Keeping up with the Twitter-Joneses

‘Oh bugger. I haven’t said anything on Facebook or Twitter for a few days. I will say something today, something funny and interesting and…’

All the advice on blogging is you must have a social media presence; for ‘presence’ read regular, interesting, witty and inspiring. No pressure then. And the people I know with successful blogs do just this. Not in a pushing-their-blog-down-your-throat kinda way, but in a humourous-or-inspiring-or-intriguing-networking kinda way.

And – irrespective of the blogging dimension – I like Facebook and Twitter (although I prefer Twitter): I have met some wonderful people; it entertains me (for those who work at home social media is after all our office gossip); it makes the world unbelievably teeny and accessible (I can connect with the Lissa Rankin’s of this world); and it has led to many writing opportunities. But…

But, sometimes I feel under pressure to say something; it’s another thing on the to do list. And actually not just something, something interesting and witty and… Part of my challenge is I haven’t mastered the art of living AND tweeting; I’m either living OR tweeting. I am sure sometimes my updates and tweets make it look like I don’t have a life, because when the sparkly parts of my life are happening I’m off out enjoying them and not giving any thought to my ‘social media presence’.

Lucy Mangan describes finding time to post on Facebook in this week’s Stylist as ‘… feeling like I was in the constant grip of a minor essay crisis. It also made me look like I had an exceedingly empty and boring existence.’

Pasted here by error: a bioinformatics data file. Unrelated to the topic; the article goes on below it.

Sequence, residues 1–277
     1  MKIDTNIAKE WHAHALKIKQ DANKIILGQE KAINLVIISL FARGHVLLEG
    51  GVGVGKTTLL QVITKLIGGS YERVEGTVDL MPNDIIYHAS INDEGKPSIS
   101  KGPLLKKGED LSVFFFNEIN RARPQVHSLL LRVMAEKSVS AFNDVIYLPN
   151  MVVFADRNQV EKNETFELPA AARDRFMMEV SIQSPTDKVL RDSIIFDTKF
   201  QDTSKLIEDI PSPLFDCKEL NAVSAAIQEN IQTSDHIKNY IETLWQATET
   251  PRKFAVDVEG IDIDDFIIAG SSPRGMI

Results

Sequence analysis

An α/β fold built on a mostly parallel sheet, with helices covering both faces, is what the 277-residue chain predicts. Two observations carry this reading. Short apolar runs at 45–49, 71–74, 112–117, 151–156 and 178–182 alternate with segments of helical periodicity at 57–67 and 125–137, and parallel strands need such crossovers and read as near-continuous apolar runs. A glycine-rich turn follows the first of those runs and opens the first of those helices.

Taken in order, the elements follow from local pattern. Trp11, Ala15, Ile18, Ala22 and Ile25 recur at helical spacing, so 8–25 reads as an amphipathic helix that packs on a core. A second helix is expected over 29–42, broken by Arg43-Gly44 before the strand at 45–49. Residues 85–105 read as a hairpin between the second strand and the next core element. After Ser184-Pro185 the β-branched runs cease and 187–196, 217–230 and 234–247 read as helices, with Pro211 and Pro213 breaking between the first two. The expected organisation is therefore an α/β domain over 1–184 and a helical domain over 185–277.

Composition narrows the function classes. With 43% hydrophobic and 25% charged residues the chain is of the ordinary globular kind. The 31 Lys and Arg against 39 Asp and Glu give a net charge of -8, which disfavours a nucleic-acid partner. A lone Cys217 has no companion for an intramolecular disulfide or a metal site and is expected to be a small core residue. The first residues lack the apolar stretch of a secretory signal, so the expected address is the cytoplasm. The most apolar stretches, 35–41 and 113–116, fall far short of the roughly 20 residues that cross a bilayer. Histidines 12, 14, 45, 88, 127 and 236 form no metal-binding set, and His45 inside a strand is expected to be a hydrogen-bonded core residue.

There are some people who are far more dedicated to the cause than I am. Take my blogging guru @LisaLynch (I love you Lisa!) whose writing I drool over, and makes mine look like I am still in junior school (when I grow up Miss, I want to write like Lisa); she would get a gold star for her social media prowess. Lisa was recently at The Brits and sent about 40 tweets throughout the event. When I saw them the next morning I was in awe of her level of commitment, not to mention her ability to pop out 40 (I keep saying 40, but I’m just guessing, I mean I didn’t actually count them) funny one-liners in such quick succession. If I had been there I would have been so engrossed in people watching and critiquing outfit choices (ooh yes, like. Really?) I would have forgotten to tweet.

I tend to use Twitter and Facebook in the week, when I’m home alone and should be writing. ‘Hello, from the lounge – again’. At weekends when I’m hanging out with Husband, or I’m off out seeing friends, I’m too busy enjoying myself to bother.

And when we go away on our trips, again I get sidetracked and don’t really use Facebook or Twitter (or maybe just the odd update here or there). The travel writers I follow tweet through their trips and I think oh I should be doing that – but not enough to actually do it.

Of course, there is also the quality to get right – being interesting and funny (in less than 140 characters if you’re on Twitter) can be intimidating. Although I do like the challenge of playing with words to achieve this (or trying to achieve this); it’s become another layer of my love affair with writing. As another blogging friend @Billygean (who also combines living AND tweeting effortlessly) says ‘social media is like micro blogging’.

But sometimes I’m simply not in the mood, or my funny isn’t working, or I’m busy, or…